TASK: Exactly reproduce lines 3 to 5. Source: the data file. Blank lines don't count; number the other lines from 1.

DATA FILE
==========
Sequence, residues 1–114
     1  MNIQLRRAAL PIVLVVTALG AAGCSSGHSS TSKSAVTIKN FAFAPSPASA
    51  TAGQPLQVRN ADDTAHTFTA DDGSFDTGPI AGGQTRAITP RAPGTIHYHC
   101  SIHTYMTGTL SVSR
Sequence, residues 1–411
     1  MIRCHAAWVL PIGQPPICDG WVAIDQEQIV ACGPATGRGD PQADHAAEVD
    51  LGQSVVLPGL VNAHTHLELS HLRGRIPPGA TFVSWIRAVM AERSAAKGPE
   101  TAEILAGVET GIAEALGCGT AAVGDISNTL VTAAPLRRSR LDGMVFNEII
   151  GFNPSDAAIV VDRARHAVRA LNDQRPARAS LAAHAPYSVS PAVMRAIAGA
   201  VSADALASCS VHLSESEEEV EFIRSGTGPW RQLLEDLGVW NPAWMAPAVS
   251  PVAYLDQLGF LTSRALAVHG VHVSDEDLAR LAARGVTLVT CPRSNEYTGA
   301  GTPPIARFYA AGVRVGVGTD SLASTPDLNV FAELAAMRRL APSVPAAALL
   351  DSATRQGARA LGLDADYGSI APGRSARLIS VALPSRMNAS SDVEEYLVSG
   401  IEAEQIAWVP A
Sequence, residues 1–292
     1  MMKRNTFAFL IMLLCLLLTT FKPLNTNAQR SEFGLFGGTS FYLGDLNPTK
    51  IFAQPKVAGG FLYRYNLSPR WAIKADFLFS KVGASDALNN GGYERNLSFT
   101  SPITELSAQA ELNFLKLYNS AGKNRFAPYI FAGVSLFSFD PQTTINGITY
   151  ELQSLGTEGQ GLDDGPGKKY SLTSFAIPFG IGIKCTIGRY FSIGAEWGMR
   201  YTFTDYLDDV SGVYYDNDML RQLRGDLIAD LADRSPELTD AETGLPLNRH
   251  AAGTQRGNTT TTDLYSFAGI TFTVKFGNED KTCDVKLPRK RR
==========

    51  TAGQPLQVRN ADDTAHTFTA DDGSFDTGPI AGGQTRAITP RAPGTIHYHC
   101  SIHTYMTGTL SVSR
Sequence, residues 1–411